The former winger says he has begun to stop thinking like a player as he aims to help get the best out of Manchester United’s squad.
Former Manchester United winger Ryan Giggs admits he has found it difficult to make the transition from player to coach at Old Trafford, but insists he is up to the challenge of helping bring success back to the club.
The Welshman, now assistant manager to boss Loius van Gaal, spent 14 years as a player for the Red Devils, but he insists the will to win has not waned.
He told the club’s official website: “I wanted to be the best as a player and I want to be the best as a coach. That means working hard and doing everything you can to achieve that, but also enjoying it and enjoying the challenge.”
United return to Premier League action next Sunday when Roberto Martinez’s Everton visit Old Trafford, with the hosts eager to stake their claim for a Champions League place in what has otherwise been a disappointing season.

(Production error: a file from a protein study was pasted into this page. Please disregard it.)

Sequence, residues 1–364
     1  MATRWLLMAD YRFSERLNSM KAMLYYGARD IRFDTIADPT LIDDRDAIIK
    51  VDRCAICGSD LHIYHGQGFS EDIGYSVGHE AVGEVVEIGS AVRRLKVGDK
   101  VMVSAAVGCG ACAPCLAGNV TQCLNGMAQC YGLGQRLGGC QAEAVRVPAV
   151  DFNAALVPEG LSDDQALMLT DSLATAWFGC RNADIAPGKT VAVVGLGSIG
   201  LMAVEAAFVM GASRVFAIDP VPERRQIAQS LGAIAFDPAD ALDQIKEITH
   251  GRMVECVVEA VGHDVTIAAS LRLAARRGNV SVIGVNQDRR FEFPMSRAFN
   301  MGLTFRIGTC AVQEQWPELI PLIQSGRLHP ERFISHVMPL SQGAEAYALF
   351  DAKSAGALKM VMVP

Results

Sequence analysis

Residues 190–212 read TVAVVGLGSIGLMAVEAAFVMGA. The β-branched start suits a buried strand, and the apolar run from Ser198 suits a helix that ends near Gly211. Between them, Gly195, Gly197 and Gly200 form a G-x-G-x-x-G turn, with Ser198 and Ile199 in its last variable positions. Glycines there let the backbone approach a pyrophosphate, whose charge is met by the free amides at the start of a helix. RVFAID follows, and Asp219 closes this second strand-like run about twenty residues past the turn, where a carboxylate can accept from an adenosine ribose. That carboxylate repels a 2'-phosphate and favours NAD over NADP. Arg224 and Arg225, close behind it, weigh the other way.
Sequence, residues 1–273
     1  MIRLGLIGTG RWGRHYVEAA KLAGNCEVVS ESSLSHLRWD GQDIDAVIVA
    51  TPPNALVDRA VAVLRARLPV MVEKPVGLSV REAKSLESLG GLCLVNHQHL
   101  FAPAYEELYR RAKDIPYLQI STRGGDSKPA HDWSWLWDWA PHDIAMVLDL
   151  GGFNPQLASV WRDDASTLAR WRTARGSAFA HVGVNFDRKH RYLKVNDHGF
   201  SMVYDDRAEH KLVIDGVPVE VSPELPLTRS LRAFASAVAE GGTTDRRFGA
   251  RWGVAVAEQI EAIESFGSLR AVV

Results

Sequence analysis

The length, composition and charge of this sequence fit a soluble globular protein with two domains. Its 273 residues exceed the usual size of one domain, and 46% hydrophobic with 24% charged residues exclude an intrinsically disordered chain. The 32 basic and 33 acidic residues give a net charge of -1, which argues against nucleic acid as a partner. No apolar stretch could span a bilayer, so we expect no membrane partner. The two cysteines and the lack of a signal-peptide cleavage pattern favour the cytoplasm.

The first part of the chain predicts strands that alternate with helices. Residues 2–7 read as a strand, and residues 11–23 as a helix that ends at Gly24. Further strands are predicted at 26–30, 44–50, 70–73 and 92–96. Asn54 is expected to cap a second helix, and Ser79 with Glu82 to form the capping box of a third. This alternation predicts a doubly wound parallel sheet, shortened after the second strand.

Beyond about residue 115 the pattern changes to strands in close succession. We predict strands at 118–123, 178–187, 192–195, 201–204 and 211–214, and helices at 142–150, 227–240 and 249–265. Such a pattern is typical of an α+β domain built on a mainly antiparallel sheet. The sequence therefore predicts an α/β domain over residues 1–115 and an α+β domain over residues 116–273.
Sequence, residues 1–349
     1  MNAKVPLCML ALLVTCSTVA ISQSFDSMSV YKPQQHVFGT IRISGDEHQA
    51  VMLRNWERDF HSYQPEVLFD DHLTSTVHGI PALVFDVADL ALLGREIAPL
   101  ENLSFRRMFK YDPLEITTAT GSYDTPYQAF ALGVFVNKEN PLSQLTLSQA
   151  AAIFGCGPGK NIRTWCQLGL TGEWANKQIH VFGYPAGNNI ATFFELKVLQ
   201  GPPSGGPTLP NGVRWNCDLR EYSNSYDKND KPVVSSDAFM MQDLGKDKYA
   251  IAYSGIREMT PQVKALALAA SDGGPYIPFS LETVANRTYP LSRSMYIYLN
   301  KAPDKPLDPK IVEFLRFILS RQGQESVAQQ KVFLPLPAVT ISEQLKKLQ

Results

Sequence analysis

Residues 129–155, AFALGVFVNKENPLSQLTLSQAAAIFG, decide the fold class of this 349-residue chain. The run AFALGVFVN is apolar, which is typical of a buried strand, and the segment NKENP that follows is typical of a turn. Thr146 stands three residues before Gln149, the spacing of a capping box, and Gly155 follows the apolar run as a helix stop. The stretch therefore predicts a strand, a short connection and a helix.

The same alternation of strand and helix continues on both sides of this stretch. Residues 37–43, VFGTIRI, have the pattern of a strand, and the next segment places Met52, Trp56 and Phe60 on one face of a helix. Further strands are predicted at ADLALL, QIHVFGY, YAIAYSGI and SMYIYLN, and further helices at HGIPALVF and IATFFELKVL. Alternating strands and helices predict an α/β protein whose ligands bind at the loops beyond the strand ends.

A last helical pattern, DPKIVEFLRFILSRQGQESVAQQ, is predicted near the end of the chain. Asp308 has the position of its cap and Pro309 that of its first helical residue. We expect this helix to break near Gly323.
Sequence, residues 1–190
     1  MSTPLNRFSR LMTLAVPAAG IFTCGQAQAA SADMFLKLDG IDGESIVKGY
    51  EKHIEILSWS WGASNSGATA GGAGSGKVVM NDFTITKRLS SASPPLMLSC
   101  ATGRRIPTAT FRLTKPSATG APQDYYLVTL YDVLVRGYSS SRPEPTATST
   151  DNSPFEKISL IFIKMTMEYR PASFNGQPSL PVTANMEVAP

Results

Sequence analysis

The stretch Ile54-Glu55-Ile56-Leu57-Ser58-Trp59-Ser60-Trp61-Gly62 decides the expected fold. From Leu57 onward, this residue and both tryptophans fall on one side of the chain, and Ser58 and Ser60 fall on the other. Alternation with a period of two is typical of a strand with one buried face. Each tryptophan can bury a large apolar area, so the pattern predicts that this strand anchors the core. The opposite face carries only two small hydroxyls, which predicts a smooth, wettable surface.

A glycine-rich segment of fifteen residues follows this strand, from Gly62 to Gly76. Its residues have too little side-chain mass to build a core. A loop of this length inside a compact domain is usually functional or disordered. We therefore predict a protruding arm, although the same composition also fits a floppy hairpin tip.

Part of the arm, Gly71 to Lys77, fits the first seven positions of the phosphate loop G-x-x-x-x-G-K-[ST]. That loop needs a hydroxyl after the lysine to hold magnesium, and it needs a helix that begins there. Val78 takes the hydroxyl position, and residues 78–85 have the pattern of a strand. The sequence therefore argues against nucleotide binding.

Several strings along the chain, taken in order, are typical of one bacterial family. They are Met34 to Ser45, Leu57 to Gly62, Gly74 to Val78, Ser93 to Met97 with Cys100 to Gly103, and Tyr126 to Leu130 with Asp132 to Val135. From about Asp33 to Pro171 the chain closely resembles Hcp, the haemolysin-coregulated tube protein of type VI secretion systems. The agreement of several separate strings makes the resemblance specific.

A derby win over bitter rivals Manchester City has helped to ease the pressure on van Gaal, with the Dutchman the subject of increased speculation in recent weeks.
Giggs has himself been mentioned as a possible successor to United's under-fire boss, but the 42-year-old admits he is still getting to grips with the differences between coaching and playing.
“The biggest thing you learn going from player to coach is not to think like a player anymore, but to think like a coach,” he continued.
“As a player you’re pretty selfish – you want to do well and you know what you’re capable of doing and how to achieve it.
“Now, you need to get the best out of 25, maybe 30, different individuals. So you need to find what makes them tick and how you’re going to get the best out of them.”
United have had a hit-and-miss campaign to date, but their performance against City - along with their first-half performance against Liverpool in the second leg of their recent Europa League tie - showed what a force they can still play when playing to their full potential.